Enhance Employee Engagement Using the Hierarchy of Needs Theory

Enhance Employee Engagement Using the Hierarchy of Needs Theory

Nichole Gunn

Millennials gathered around in a casual work environment - maslow's hiearchy - millennials - employee engagement

If you’ve ever held a management position or you’re a psychologist, then you’re probably familiar with Abraham Maslow and his Hierarchy of Needs theory. Maslow’s theory suggests that human mental health and well-being are determined by needs being fulfilled in a specific order – all leading to what he calls “self-actualization,” which is the ability of an individual to pursue their own personal goals and development. They’re able to do this because all of their other needs are met. How do employee engagement and Maslow’s Hierarchy of Needs relate to each other? The hierarchy tells us a lot about what kind of motivation employees need.

employee engagement and maslow's hierarchy Let’s start by looking at Maslow’s theory in its entirety. Time for a refresher course! Maslow proposed the following as the basic needs for human survival and achievement:

  1. Survival – Food, water, shelter, rest
  2. Safety – Security, law and order, protection from elements (also shelter)
  3. Belonging – Friendship, love, intimacy, affection
  4. Importance – Mastery of skills, independence, respect
  5. Self-Actualization – Fulfillment of personal growth and achievements

While these needs may have been laid out for basic human survival, they’re also applicable to employee engagement and how “motivated” they are to participate in standard and extracurricular business activities. Let’s see how Maslow’s needs factor into your employee’s psyches:

  1. Survival – The most basic of needs. Employees, and humans in general, need a place to live and shelter, so they need a salary that pays the bills and provides these necessities.
  2. Safety – Beyond just having a job, employees need to innately feel that their jobs are secure. This is more important than ever with the way the job market’s performed over the past six years.
  3. Belonging – This need plays out in the workplace as the need to be part of a team and a part of something they feel is “bigger than themselves.” They also need to feel that their individual contributions are valued by the company. They need to feel like they matter.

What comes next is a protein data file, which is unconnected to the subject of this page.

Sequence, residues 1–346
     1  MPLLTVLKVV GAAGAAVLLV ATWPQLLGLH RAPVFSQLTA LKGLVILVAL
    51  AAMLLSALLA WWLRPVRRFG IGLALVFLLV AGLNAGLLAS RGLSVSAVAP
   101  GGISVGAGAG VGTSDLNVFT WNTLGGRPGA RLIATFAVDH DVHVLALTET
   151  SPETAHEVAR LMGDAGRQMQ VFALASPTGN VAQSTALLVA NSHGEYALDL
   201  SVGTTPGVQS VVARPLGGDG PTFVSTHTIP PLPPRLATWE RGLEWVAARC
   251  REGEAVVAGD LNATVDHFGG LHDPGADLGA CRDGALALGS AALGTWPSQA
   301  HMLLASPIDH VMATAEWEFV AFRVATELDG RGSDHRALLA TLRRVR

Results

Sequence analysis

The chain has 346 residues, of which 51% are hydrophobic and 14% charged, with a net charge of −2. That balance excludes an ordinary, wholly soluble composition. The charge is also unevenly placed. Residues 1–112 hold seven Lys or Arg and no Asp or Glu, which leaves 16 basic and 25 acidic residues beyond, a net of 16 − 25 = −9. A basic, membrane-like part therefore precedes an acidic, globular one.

4. Importance – This need overlaps with the “belonging” need a bit. People need to know that they are an integral part of whatever they’re participating in. This need is especially important in a larger corporation where it’s easy for employees to feel like they’re lost inside the machine and often looked over. When they feel this way they get demotivated and can drag the engagement of those around them down as well.
  5. Self-Actualization – Employees who have the training they need, the tools they require, and a well-structured environment where they feel they belong and make valuable contributions can finally start to self-actualize. They start contributing ideas, leading, and bringing others along for the ride by inspiring them to be better employees. The kind of behavior exhibited when employees reach this level on Maslow’s chart is contagious and highly beneficial to have at your company.

Now that we’ve established how important it is for your employees to have their needs met, how do you go about fulfilling them and providing an environment where employees can “self-actualize?” Let’s break it down again:

  1. Survival – If your employees need wages to live, then give them wages enough to live on. If you don’t pay employees enough to put a roof over their head, then don’t expect them to care too much about keeping your balance sheet in a positive place.
  2. Safety – Your employees don’t need to feel like their job is on the line with every single decision they make. This adds untold amounts of undue stress and can cause losses in productivity, morale, and overall profitability. If you have managers who make your employees feel this way – change their behavior, or change the manager.
  3. Belonging – Create and promote a strong team-oriented culture and inclusionary efforts. Recognize teams and individuals for their accomplishments and they’ll be more likely to perform better in the future.
  4. Importance – This is the need where employee recognition becomes important. Recognizing your employees publicly, or through an employee recognition incentive program, lets them know that they are doing well, their contributions matter, and they’re viewed as valuable by the company.
  5. Self-Actualization – When you provide the tools, the education, the environment, and the stability, the employees can provide this and realize their potential. When they reach this level of engagement, they inspire others around them and perform optimally – which is best for business.

If you’d like to learn more about applying Maslow’s Hierarchy of Needs to your company, call us today at 1-866-567-7432. We’ll discuss with you how you can find out where employees are at on the chart, and how you can utilize tools like sales incentive programs to boost employee engagement and performance.

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